Some knife designs are classic because they work so well. My father discovered this in 1944 as a World War II infantryman. He acquired a Hitler Youth knife, which became his go-to hunting/utility knife.
by Leon Pantenburg
My dad was an infantry captain with Patton’s Third Army on its push toward Berlin.
When I was growing up on an Iowa farm in the 1960s, the Hitler Youth Knife, a Nazi SS dagger, bayonets and Japanese Samurai swords hung in the garage, in no particular place of honor. Dad used the German knife whenever he needed a sharp blade for something on the farm.
And it was sharp. It was the first knife I ever saw that could shave hair. It was Dad’s utility knife, and I remember him using it to cut pieces out of a tire to repair the elevator on the corn picker. It was also his hunting knife. Dad used the German knife on his first Iowa deer hunts after the war in the late 1940s. The year I was born, 1952, Dad used the blade to gut a nice whitetail doe he killed.
Today, the blade shows wear, and that came from Dad and probably the former owner.
I never learned much about Dad’s service first hand because he didn’t tell war stories. An Infantry captain in Patton’s Third Army, Dad’s dress uniform had three rows of ribbons and a Combat Infantryman badge, and he served in the European and Pacific theaters of the war. Dad’s service records show he was detached from the 97th Infantry Division and got to Europe shortly after D Day.
Upon my pestering about the German knife, Dad mentioned that many of the guys in his outfit carried Hitler Youth knives as utility tools.
In one of his letters home, Dad mentioned to his sister, Edna, that he captured eight Germans “all by myself.” At the time the Germans were desperate to be captured by the Americans, rather than the Russians heading east. It was common for large groups to surrender to the first Americans they came across.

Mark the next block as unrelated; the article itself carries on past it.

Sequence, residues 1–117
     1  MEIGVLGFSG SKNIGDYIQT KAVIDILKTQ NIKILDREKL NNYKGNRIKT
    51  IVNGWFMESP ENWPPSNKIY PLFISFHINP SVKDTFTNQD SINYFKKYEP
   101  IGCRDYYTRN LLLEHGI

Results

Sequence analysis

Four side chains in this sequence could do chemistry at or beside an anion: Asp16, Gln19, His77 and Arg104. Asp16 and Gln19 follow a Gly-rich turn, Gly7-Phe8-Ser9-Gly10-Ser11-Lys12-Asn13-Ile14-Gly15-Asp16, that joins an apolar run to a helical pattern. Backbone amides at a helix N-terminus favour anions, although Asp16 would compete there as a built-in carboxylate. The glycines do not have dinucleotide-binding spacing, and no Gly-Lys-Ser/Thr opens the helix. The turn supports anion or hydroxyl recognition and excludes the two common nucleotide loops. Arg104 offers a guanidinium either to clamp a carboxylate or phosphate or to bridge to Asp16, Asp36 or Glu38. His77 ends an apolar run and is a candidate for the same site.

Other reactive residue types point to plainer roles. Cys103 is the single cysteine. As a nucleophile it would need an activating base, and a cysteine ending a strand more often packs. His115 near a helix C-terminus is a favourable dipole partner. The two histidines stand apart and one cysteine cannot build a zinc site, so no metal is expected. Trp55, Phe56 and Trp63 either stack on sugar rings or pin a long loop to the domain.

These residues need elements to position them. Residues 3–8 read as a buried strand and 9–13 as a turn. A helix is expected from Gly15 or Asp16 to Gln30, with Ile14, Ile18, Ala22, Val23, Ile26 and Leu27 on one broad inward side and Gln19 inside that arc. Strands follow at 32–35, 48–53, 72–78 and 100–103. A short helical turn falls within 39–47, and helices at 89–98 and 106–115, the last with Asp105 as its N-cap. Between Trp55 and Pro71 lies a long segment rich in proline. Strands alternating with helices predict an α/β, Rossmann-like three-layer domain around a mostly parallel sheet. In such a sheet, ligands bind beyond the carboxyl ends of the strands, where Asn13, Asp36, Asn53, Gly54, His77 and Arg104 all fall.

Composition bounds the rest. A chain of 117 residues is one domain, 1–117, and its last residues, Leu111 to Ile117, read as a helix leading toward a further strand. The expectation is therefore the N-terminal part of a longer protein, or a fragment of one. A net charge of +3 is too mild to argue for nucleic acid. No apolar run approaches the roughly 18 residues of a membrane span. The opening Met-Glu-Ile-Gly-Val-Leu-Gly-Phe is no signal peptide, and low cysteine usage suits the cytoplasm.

“We’d get a bunch of prisoners rounded up and tell them to drop all their weapons. There were so many knives and guns that we destroyed most of them,” he mentioned once. “Everybody who wanted one had a German knife or dagger. We just used them for whatever we needed. Didn’t think much about it.”
The Hitler Youth, according to various sources, came about as an extension of Adolf Hitler’s belief that Germany’s future was its children. The organization was seen as being as important to a child as school was. Hitler made no bones about his expectations for the children:
“The weak must be chiseled away,” Hitler said. ” I want young men and women who can suffer pain. A young German must be as swift as a greyhound, as tough as leather, and as hard as Krupp’s steel.”
The Hitler Youth organization was created in the 1920s. By 1936, the organization had more than 4 million members, according to the History Learning Site. In 1936, it became all but compulsory to join.
The Hitler Youth wore knives as part of their uniform. Up until early 1937, the motto Blut und Ehre! (Blood and Honor!) was etched on blades, but later knives were produced with plain blades. A variety of companies produced Hitler Youth Knives, but almost all of the them appear to have been made in the city of Solingen, Germany.
Here are the specs for a Hitler Youth knife:
- Handle: 4-1/2 inches, Nichol plated
- Blade: 6 inches, made of 440 stainless steel (Thickness is slightly less than that of a Cold Steel Master Hunter.)
- Weight: I don’t have a scale to weigh it on, but the knife appears to be about the same weight as a CS Master Hunter.
- Length: 10-1/2 inches overall
Today, there is thriving market for Hitler Youth Knives, both originals and reproductions.
As a survival/utility knife, I’d rank a Hitler Youth knife as an excellent design. But I don’t know what kind of blade steel in some of these replicas, and can’t recommend any brand. I wouldn’t buy an original to use as bushcraft or hunting knife, since there are many other modern, excellent choices available.
Today, Dad’s WWII items reside in my gun safe. But the Hitler Youth knife recently went to my nephew and godson, Kevin Spring. Kevin is a hardcore WWII history nerd, and he will take care of the collections, and will probably acquire the rest of the artifacts when my term as curator is over.
I take all these items out regularly, to maintain them and make sure no rust develops. Sometimes, while handling these symbols of tyranny and evil, I recall a phrase from a bestselling book.
It goes something like: “They will beat their swords into plowshares, and their spears into pruning hooks…”
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